Answers to your economic questions

This month I will respond to some questions people have written to me, mostly about previous columns:

“If the unemployment rate is now reasonable, why does the economy still seem to be so sluggish?”

Although the media report one unemployment rate, the federal government actually reports six unemployment rates. The “famous” one is U-3. For decades, this was a reasonably good proxy for unemployment in our country.

More recently, it has become a poor measure of unemployment, because it does not include among the unemployed “discouraged” workers, who have not looked for work recently, or anyone who makes at least $20 in a week.

I recently wrote a column advocating the importance of “apples to apples” comparison and the U-3 has been failing that test primarily because large numbers of people change their minds about whether or not they are “discouraged” from one month to the next. A more accurate unemployment rate to use today would be U-6, which also counts the “underemployed” — people who are discouraged and people who are working part-time making as little as $20 each week.

For an apples-to-apples comparison, we need to consider the workforce participation rate. Today, we are at about the lowest participation of adult males in the workforce in our country’s history. The recent recession officially ended in June 2009. At that time, the total workforce participation rate was 65.7 percent. Nearly six years into an economicrecovery, we actually have a substantially lower percentage of the population working — 63 percent.

Even using the U-3 definition for unemployment, if the same percentage of the population was working today as six years ago, the unemployment rate today would be 9.7 percent. Using U-6 or a workforce-participation-adjusted rate for unemployment provides a far more accurate picture of what is truly happening.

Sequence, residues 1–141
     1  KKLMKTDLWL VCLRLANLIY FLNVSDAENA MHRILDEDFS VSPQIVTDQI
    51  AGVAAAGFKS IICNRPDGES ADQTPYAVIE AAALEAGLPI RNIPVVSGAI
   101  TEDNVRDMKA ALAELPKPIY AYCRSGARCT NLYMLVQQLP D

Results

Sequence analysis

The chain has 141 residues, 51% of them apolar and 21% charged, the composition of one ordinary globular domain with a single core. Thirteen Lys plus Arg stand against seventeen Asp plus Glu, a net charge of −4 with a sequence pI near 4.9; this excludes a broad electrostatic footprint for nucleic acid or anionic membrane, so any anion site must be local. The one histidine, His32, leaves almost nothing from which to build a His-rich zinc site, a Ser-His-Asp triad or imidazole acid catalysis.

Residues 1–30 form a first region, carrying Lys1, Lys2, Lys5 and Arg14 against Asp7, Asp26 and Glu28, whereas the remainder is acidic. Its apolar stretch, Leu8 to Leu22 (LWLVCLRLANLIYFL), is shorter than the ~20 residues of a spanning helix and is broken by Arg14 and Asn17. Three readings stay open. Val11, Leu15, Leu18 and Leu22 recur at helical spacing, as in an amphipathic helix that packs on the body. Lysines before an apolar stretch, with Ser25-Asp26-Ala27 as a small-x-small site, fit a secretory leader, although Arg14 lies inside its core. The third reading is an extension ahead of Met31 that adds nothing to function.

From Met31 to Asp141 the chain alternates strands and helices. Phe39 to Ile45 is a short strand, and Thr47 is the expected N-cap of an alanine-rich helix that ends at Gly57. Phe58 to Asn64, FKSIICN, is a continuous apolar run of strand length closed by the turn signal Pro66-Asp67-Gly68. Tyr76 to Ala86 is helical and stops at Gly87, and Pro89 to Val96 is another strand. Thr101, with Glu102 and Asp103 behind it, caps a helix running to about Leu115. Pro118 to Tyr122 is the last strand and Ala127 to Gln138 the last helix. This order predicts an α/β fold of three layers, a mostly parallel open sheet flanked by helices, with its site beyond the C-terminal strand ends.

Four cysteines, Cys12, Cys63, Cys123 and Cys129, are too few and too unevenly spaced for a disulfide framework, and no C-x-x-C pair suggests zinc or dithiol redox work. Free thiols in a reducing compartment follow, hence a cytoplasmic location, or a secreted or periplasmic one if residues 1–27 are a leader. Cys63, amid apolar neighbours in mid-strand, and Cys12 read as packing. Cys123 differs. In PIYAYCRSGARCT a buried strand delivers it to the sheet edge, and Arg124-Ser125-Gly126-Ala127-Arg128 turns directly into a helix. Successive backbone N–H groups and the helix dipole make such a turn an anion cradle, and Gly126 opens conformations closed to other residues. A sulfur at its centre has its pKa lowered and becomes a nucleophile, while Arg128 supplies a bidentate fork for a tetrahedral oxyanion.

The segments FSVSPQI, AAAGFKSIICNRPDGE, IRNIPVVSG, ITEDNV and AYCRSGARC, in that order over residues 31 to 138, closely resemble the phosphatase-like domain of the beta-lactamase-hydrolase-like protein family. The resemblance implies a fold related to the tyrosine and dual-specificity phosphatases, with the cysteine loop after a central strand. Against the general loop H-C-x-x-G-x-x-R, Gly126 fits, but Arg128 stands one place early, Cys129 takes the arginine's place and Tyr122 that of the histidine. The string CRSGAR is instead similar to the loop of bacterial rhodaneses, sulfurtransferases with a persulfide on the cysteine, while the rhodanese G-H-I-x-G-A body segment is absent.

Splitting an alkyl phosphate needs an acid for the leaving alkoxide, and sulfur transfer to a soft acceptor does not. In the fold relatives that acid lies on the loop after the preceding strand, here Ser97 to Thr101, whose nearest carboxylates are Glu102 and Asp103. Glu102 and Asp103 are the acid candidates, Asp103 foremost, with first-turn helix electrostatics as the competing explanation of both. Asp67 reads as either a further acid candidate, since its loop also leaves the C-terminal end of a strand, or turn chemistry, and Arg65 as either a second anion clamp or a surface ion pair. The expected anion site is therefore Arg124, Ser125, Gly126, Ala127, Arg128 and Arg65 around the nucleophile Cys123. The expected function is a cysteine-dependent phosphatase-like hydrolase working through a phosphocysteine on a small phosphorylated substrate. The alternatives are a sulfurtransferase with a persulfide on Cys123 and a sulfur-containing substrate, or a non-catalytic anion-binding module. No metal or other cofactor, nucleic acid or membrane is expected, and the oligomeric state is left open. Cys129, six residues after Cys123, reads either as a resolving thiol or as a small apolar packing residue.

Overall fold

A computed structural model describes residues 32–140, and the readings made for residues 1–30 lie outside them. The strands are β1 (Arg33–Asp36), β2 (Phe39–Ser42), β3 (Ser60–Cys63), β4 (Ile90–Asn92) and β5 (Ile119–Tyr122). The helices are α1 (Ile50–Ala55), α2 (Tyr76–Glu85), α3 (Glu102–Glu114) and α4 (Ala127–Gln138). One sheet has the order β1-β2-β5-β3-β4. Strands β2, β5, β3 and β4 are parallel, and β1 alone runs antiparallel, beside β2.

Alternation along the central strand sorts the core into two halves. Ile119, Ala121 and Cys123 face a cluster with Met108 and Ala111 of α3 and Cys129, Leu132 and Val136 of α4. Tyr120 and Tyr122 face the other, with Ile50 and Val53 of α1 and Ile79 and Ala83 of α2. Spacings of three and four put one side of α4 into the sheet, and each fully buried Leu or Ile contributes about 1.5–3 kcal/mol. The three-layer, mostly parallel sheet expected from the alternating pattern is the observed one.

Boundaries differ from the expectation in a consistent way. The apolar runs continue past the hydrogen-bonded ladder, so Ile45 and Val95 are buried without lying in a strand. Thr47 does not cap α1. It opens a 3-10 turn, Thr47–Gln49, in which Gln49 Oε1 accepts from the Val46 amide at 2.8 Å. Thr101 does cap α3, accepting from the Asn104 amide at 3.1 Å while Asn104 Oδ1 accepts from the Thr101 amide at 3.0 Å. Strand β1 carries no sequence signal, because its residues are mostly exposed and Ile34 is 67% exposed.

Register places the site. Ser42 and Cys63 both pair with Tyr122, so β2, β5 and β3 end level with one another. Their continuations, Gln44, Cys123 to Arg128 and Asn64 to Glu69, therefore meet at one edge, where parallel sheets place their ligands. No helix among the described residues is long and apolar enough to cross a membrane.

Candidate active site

That is why the economy remains sluggish — unemployment is still staggeringly high.

A related question: “If we have been recovering for six years, why aren’t things better?”

The brief answer is that they are, but for the wealthier segment of the population.

President Obama has raised income inequality as an issue of social justice. In perhaps the irony of ironies, he has implemented policies that have kept the economy in recovery by almost exclusively benefiting those who are more well-off and better-connected politically.

The most dramatic actions have been implemented by the independent Federal Reserve Bank, but endorsed wholeheartedly by the Obama Administration — quantitative easing and holding interest rates artificially low.

Can you explain quantitative easing and its impact on the overall economy? If not, you have not benefited from it. The wealthy have, though. The top 1 percent had 18.2 percent of the country’s income in 2009, and 22.46 percent for the most recent data I could find, which is from 2012. That’s nearly a 25 percent increase in income share during a three-year period.

Under the Obama Administration’s direct control was the “stimulus” bill. No doubt, we all benefit from a few more roads and we did have a temporarily funded business development position here in Robeson County, but if you can’t point directly to what you gained from at least $600 billion in deficit spending from that bill, you mostly didn’t benefit.

In that case, having political connections helped substantially. Then-Sen. Kay Hagan’s husband and son formed a business in 2010 and only seven weeks later received as much as $390,000 in stimulus money. Since the money was not awarded in a free market, you and I had no opportunity to compete for it.

Another large contributor to the recovery has been the tremendous increase in deficit spending. Since the start of the economic recovery, our national debt has increased from about $11 trillion to about $18 trillion. Most of that money vanished as soon as it was spent, but some percentage of that increased someone’s wealth.

If we equate what we’ve done nationally to the personal level, we’ve largely gotten by the past several years by charging on a credit card a large percentage of our spending on essentials, but we have a credit card with a nearly zero percent interest rate and no payments have to be made on principal.

It will be interesting to see how long we can keep this up, and how dire the consequences will be if we cannot.

Eric Dent teaches business at Fayetteville State University. He lives in Lumberton.


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